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Bebop Spoken There

Charlie Musselwhite: "I used to see these posters in the windows of the [Chicago] blues clubs advertising Elmore James and Muddy Waters which knocked me out. I was making a note of the addresses and at night I'd go back and listen to the blues until 4-5 in the morning." - (Blues Matters! Aug/Sep 2021)

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Postage

13,530 (and counting) posts since we started blogging 13 years ago. 948 of them this year alone and, so far, 112 this month (July 31).

Thursday, June 13, 2013

Gwyneth Herbert - The Sea Cabinet - @ Sage Gateshead June 12.

Gwyneth Herbert (vcl, pno, uke, various perc inst), Fiona Bevan (vcl, pno, uke, gtr, vln, various perc inst); Al Cherry (gtr); Sam Burgess (bs); David Price (dms, vln, glock, various inst); Burnside College Choir, Wallsend) (Pirates Chorus).
(Review by Lance).
A short, but well received opening set by Bevan (right) culminated with the curly permed singer / songwriter / guitarist being joined by Herbert for a brief taste of the main event.
I use the word main advisedly as The Sea Cabinet was indeed a suite/story, with words and music by Gwyneth Herbert, based on people, places and sea related artefacts.
Too complex to detail here - see concert preview and Gwyneth Herbert interview - it was almost a mini-folk opera with moments of humour, drama and pathos.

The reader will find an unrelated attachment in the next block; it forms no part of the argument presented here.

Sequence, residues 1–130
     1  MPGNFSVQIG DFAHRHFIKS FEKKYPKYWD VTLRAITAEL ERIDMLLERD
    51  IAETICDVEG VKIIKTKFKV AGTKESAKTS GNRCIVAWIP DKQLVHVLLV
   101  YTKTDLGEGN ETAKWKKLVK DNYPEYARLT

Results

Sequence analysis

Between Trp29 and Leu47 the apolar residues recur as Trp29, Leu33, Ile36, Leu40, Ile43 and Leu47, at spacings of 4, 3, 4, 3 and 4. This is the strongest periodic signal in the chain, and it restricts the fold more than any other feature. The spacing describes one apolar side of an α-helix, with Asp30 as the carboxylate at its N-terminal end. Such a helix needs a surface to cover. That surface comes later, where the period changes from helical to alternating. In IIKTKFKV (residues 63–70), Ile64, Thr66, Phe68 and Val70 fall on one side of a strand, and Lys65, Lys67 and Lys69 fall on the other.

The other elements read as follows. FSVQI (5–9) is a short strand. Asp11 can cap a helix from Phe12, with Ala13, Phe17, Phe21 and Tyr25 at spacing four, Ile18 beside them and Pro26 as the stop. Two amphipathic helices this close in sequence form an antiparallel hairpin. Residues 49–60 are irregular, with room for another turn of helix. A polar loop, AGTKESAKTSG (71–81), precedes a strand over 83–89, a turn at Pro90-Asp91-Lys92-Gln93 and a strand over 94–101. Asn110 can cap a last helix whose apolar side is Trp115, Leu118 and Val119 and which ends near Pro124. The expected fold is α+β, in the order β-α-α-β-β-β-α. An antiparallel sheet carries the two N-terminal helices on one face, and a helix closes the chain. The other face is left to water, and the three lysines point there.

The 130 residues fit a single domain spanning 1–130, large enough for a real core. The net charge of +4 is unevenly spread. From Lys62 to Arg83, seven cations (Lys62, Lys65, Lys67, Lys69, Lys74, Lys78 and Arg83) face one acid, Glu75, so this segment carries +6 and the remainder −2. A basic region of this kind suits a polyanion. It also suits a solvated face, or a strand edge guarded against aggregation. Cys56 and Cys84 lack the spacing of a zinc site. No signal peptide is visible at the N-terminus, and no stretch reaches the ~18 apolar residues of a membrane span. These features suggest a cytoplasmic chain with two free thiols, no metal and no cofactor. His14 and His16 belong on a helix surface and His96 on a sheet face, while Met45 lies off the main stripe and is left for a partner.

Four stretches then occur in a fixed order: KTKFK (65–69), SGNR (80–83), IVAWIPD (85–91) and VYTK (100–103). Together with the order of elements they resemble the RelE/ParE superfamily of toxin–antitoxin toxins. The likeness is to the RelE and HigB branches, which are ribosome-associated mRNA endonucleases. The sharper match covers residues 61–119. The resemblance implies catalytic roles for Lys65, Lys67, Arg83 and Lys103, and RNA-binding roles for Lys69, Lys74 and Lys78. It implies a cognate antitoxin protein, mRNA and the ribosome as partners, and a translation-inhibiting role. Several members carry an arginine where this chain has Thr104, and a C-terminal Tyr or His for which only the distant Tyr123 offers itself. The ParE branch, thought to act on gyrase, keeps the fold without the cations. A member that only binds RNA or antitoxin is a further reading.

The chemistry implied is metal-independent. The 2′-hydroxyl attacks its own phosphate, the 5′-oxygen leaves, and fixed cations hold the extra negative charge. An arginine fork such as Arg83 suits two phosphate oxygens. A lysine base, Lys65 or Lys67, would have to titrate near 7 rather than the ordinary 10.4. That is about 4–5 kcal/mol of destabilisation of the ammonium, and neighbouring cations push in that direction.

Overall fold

Both women have distinctive voices - at one point Herbert sat at the stage edge and sang unmiked. The voice was as clear as a bell, possibly a ships bell. Bevan too was pitch perfect particularly on the wordless passages. Between them they played a multitude of instruments as did percussionist Price. Cherry alternated between acoustic and electric guitar whilst Burgess excelled in adding the depth (50 fathoms perhaps?) with or without the bow..
The choir from Burnside College provided an effective "Pirates Chorus".
It was a non-stop performance that had me entranced from start to finish but...
I was fortunate having read the press notes, interviewed Herbert and heard some tracks from the CD in advance.
For those in the audience who hadn't done their homework this was possibly a challenge and maybe some program notes or a few explanatory words between pieces would have helped as I felt that some of the more humorous lines went over the audience's head.
Nevertheless, it was a rewarding experience and if the jazz content was minimal that didn't detract from the overall musicality of the evening.
Across in Hall One Elvis Costello may have had more bums on seats but I'm quite sure these two girls more than matched the quality.
Lance.

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